The example below might seem complicated.

After the component is mounting it is rendered with the favorite color “red”. After the component has been mounted, a timer changes the state. And after one second, the favorite color becomes “yellow”.

That action triggers the update phase, and this component has a getSnapshotBeforeUpdate() method.

This method is executed, and writes a message to the empty DIV1 element.

After the componentDidUpdate() method is executed and writes a message in the empty DIV2 element.

Example:

class Header extends React.Component {

  constructor(props) {

    super(props);

    this.state = {favoritecolor: “red”};

  }

  componentDidMount() {

    setTimeout(() => {

      this.setState({favoritecolor: “yellow”})

    }, 1000)

  }

  getSnapshotBeforeUpdate(prevProps, prevState) {

    document.getElementById(“div1”).innerHTML =

    “Before the update, the favorite was ” + prevState.favoritecolor;

  }

  componentDidUpdate() {

    document.getElementById(“div2”).innerHTML =

    “The updated favorite is ” + this.state.favoritecolor;

  }

  render() {

    return (

      <div>

        <h1>My Favorite Color is {this.state.favoritecolor}</h1>

        <div id=”div1″></div>

        <div id=”div2″></div>

      </div>

    );

  }

}

ReactDOM.render(<Header />, document.getElementById(‘root’));

componentDidUpdate

The componentDidUpdate method is called after the component is updated in the DOM.

The component is mounting it is rendered with the favorite color “red”.

The component has been mounted, a timer changes the state, and the color becomes “yellow”.

This action triggers the update phase,and this component has a componentDidUpdate method,

this method is executed and writes a message in the empty DIV element:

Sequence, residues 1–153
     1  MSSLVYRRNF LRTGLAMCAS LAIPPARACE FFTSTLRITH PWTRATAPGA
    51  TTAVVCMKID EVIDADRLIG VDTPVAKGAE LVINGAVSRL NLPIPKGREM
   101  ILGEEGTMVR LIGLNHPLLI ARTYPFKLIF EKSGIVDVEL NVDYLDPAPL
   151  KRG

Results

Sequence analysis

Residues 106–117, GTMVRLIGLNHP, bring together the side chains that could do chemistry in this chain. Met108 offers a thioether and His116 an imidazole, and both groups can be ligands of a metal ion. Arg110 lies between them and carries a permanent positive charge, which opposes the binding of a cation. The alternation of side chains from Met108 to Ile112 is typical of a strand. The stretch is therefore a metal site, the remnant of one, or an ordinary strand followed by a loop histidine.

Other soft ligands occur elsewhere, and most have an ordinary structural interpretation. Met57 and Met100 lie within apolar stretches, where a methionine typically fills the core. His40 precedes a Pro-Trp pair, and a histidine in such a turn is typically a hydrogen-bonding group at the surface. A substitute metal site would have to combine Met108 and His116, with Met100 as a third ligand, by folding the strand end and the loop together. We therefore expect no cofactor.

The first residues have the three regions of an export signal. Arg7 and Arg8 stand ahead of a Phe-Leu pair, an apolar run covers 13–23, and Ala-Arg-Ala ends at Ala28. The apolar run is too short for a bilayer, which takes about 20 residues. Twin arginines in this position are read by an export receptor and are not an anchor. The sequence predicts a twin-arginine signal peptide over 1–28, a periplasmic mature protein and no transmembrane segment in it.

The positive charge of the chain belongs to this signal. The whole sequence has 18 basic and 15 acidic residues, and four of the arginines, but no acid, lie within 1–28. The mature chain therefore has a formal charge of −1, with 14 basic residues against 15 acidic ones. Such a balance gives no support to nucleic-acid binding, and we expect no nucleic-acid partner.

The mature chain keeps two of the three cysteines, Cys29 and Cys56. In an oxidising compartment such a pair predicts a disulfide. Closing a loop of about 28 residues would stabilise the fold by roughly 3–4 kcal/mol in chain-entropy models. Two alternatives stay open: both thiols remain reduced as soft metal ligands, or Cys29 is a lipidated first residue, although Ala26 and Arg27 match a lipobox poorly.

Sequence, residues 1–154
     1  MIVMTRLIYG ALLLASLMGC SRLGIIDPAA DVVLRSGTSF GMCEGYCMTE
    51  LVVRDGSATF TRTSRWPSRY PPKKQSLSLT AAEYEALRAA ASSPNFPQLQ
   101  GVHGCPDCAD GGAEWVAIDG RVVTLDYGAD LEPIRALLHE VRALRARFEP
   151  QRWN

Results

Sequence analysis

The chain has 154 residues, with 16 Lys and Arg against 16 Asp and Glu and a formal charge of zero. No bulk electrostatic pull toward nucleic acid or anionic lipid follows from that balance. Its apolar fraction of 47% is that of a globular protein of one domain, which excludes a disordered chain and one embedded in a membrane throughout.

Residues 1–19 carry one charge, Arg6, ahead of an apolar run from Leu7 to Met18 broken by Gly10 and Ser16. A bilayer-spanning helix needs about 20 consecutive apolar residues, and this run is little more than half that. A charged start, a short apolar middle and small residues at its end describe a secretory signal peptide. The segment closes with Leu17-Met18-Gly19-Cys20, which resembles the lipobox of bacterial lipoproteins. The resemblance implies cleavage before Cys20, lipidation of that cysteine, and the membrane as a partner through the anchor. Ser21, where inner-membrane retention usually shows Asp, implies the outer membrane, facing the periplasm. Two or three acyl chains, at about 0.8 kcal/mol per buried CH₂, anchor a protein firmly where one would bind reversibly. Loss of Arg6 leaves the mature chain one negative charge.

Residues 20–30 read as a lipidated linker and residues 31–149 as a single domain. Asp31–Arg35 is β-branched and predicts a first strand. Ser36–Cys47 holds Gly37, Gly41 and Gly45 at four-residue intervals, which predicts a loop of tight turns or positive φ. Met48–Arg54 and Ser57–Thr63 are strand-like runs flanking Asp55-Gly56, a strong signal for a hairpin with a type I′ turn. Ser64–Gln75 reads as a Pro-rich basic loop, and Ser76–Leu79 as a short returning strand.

Example:

The componentDidUpdate method is called after the update has been rendered in the DOM:

class Header extends React.Component {

  constructor(props) {

    super(props);

    this.state = {favoritecolor: “red”};

  }

  componentDidMount() {

    setTimeout(() => {

      this.setState({favoritecolor: “yellow”})

    }, 1000)

  }

  componentDidUpdate() {

    document.getElementById(“mydiv”).innerHTML =

    “The updated favorite is ” + this.state.favoritecolor;

  }

  render() {

    return (

      <div>

      <h1>My Favorite Color is {this.state.favoritecolor}</h1>

      <div id=”mydiv”></div>

      </div>

    );

  }

}

ReactDOM.render(<Header />, document.getElementById(‘root’));

Unmounting

The next phase in the lifecycle is after a component is removed from the DOM, or unmounting as React likes to call it.

React has only one built-in method that gets called after a component is unmounted:

  • componentWillUnmount()

componentWillUnmount

The componentWillUnmount method is called after component is removed from the DOM.

Example:

Click the button to delete the header:

class Container extends React.Component {

  constructor(props) {

    super(props);

    this.state = {show: true};

  }

  delHeader = () => {

    this.setState({show: false});

  }

  render() {

    let myheader;

    if (this.state.show) {

      myheader = <Child />;

    };

    return (

      <div>

      {myheader}

      <button type=”button” onClick={this.delHeader}>Delete Header</button>

      </div>

    );

  }

}

class Child extends React.Component {

  componentWillUnmount() {

    alert(“The component named Header is about to be unmounted.”);

  }

  render() {

    return (

      <h1>Hello World!</h1>

    );

  }

}

ReactDOM.render(<Container />, document.getElementById(‘root’));

Conclusion

In this blog we have been gone through the concept of components of react js , its types and the life cycle of the components

To read more about components you can visit here

Written by 

Chiranjeev kumar is a Software intern at Knoldus. He is passionate about the java programming . He is recognized as a good team player, a dedicated and responsible professional, and a technology enthusiast. He is a quick learner & curious to learn new technologies. His hobbies include listening music , playing video games.